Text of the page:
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I'd like to complain to the management about this unfairness without naming people, because unfairness breeds resentment. Is that advisable ?

It sounds like you already did complain ("I mentioned the above arguments also, but my request was still rejected.") but it didn't get you anywhere.

Repeated complaints aren't advisable.

What is the best way to complain ?

The best way is to make a good business case for why you should be allowed to work remotely, rather than just saying "not fair". You should explain why it's good for the company, rather than just good for you.

I am also considering leaving the company because of this reason, besides others.

Then don't bother to complain. Just find a new job and leave this one.

Make sure your new company intends to allow you to work remotely, if that's what you want. Then hope things don't change again. Lots of companies are rethinking their remote work policies.

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Unless remote working provisions are built into your employment contract I would be inclined to tread carefully.

I've dealt with several companies whose workforce are predominantly remote workers however they've tended to be in the consulting space where collaboration between employees (on internal company objectives) seemed rare. Most employees were "farmed out" on client assignments.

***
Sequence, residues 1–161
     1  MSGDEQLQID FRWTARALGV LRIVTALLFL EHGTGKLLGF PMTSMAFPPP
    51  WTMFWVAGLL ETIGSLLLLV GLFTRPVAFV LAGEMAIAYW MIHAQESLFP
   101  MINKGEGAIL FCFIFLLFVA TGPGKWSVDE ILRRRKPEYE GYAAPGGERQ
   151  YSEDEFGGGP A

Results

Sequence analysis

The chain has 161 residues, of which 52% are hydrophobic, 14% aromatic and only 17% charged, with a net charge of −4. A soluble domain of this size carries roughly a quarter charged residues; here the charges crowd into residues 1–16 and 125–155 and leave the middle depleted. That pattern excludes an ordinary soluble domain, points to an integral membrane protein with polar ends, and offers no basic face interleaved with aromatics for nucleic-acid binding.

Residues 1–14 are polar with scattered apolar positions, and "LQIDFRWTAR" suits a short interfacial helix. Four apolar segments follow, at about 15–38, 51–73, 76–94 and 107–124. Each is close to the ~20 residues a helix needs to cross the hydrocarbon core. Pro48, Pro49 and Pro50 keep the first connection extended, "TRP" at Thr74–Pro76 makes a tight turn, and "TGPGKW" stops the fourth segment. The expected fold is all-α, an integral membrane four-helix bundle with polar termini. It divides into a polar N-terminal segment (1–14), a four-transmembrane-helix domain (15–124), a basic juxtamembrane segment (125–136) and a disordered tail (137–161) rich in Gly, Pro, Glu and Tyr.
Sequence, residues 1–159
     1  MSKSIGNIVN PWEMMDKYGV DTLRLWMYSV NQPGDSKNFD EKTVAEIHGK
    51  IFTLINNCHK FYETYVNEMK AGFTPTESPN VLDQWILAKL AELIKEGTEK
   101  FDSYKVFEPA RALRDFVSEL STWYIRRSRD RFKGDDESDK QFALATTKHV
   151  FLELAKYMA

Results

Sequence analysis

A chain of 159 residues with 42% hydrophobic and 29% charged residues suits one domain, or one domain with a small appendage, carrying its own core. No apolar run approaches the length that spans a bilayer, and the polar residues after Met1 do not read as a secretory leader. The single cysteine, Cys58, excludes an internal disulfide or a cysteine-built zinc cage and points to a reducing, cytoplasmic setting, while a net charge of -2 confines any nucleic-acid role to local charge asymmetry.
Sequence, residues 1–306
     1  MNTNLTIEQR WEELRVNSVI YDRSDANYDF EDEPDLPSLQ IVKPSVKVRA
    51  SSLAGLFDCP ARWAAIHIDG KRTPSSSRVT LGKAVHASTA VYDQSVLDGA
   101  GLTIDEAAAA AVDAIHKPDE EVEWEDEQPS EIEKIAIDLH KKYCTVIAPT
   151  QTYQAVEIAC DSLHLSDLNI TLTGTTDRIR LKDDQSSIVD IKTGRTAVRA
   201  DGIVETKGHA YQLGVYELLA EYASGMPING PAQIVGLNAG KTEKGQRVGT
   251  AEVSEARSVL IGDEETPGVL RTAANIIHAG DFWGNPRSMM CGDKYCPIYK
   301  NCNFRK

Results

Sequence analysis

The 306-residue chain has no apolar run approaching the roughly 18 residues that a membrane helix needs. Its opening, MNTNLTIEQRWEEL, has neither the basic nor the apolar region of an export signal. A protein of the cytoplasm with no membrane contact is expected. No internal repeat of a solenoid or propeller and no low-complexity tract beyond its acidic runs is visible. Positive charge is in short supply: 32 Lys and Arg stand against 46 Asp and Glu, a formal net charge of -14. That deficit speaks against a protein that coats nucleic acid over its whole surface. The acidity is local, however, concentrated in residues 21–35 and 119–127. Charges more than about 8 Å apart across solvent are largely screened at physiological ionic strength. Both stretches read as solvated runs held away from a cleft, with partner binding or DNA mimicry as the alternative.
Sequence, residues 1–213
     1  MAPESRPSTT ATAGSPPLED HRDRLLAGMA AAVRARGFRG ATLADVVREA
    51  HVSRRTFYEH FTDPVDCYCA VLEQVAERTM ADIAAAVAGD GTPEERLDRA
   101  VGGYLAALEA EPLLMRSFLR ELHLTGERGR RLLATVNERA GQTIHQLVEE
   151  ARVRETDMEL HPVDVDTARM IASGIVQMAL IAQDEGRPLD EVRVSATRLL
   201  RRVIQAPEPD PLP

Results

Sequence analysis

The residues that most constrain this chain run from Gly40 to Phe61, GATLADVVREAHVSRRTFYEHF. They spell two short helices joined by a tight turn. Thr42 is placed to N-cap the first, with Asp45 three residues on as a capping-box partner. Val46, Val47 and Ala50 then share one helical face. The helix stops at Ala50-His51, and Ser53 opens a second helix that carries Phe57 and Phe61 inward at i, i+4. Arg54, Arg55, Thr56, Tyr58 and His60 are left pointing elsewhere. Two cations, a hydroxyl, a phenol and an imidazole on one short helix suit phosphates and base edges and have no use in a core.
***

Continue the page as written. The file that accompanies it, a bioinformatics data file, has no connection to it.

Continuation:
I've managed employees in the office and remote workers. In my experience remote working and other flexible work arrangements are a great way to entice and retain high talent individuals. It can be tricky from a team cohesion perspective though. There's alot of communication within and between teams which remote workers can miss out on.

Some employees are better suited to remote working as well. I found that some were disciplined and reliable and others were very difficult to get a hold of, would regularly miss meetings and often try to do personal errands during their work day which interfered with their work. Also some would happily get distracted with non-core "alternative" tasks requested by other employees or PMs and their own work would suffer.

I don't mean to sit on the fence but I can see both perspectives. I think flexi-time and some remote working can work well as long as the team are clear on core hours and communication channels are open.

I don't think that there's anything wrong with making your feelings known if you feel that remote working treatment has been unfair or inconsistent, however if you cite specific examples (especially if any of those are informal arrangements) then the risk is that management potentially wind back on some existing remote working.

I'd be inclined to ask if a remote working policy can be developed in consultation with staff in order to provide clearer guidance on the who, what, when and how.